Shanghai's Fengxian to build a 'vowel park' to protect the local Jinhui dialect

Updated 2017-08-24 10:02:53 Shanghai Daily

Construction of a "vowel park" will start at the end of month to highlight the unusual number of vowels that appear in the local dialect and to awaken public awareness of the need to protect it.

The Jinhui dialect, named after the town in Fengxian District, is known as "dang dai hua." The dialect is renowned as "the most vowel-diversified language," local authority officials told Shanghai Daily.

The small park will be sited along a downtown walking and jogging path in Fengxian, with a stone tablet stating that the town has the world's largest number of vowels.

Five other large marble plates will be engraved with vowels from the dialect and some of its associated folk songs.

Construction is expected to last about two months.

Li Hui, a Jinhui native and an anthropologist at Fudan University, welcomes the plan for the park as he has been appealing to authorities to set up such a facility for years.

The Jinhui dialect caught public attention in 2012 after a team led by Li published its findings in the journal Science, stating that it had 20 vowels — overshadowing Mandarin with 10 and Swedish with 16.

The findings were based on a dialects survey carried out since 1998 across Shanghai and on research on 579 languages all over the world.

Li told Shanghai Daily that complicated reasons lie behind the large vowel diversity seen in the Jinhui dialect.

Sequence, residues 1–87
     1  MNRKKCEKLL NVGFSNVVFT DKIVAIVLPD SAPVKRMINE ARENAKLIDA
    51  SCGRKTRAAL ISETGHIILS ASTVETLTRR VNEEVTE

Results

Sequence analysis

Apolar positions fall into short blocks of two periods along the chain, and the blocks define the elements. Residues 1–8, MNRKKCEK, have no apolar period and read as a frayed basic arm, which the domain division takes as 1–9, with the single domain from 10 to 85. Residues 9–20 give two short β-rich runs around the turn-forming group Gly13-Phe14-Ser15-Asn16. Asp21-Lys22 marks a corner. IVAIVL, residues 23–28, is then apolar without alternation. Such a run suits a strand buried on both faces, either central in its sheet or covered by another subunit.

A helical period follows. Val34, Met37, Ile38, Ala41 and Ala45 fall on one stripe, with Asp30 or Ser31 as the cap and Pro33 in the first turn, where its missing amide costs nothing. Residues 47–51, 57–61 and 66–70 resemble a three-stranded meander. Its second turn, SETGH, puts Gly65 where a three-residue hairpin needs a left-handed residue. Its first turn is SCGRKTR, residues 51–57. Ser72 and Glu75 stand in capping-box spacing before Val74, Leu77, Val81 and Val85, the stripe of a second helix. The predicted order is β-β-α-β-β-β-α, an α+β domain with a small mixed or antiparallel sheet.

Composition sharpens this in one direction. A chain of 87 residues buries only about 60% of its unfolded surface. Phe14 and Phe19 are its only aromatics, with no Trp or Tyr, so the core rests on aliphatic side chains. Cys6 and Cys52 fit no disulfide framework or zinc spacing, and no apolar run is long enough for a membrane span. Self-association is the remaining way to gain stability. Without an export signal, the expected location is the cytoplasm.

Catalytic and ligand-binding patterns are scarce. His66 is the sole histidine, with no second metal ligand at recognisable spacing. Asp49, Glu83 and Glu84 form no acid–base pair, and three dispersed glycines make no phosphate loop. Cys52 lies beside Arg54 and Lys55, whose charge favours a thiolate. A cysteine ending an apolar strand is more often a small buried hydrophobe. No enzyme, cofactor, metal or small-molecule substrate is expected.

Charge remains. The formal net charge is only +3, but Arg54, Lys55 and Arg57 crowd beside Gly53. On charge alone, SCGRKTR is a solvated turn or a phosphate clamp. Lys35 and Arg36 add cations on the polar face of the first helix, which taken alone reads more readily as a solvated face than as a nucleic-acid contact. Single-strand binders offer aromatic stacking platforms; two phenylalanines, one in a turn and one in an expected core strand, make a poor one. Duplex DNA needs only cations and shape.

It has preserved Liangzhu culture dating back to more than 4,000 years ago and some of Shanghai's current residents are descendants of the inhabitants from that time. The dialect has been passed down the generations.

"But people around Jinhui are all migrants from other places," he said. "Our research found that there were at least seven dialects spoken by the migrants, which also permeated into 'dang dai hua,' when migrants communicated with local people."

Despite its uniqueness, the Jinhui dialect faces the risk of vanishing, as do many other languages. "Most people are getting used to speaking Mandarin," Li pointed out. "Even my parents could not say pure 'dang dai hua' now."

There are also many intangible cultural heritages based on the dialect in Fengxian, such as the Baiyang Village folk song, which includes thousands of lines, and is usually sung on wedding ceremonies, he added.

"The most effective way to protect a language is to let children learn and speak it," he said.

"That's why we published a textbook about 'dang dai hua' and use it in local schools as a compulsory course."

"We found that many migrant children are interested in learning the dialects so as to integrate into local culture," he said. "But some native children don't like speaking it, believing it a language for country bumpkins."

With the future vowel park, Li hopes people will develop self-confidence in their own dialect. "And the vowels, words and folk songs engraved on the plates can also help local residents to learn the dialect unconsciously when they pass by," he said.

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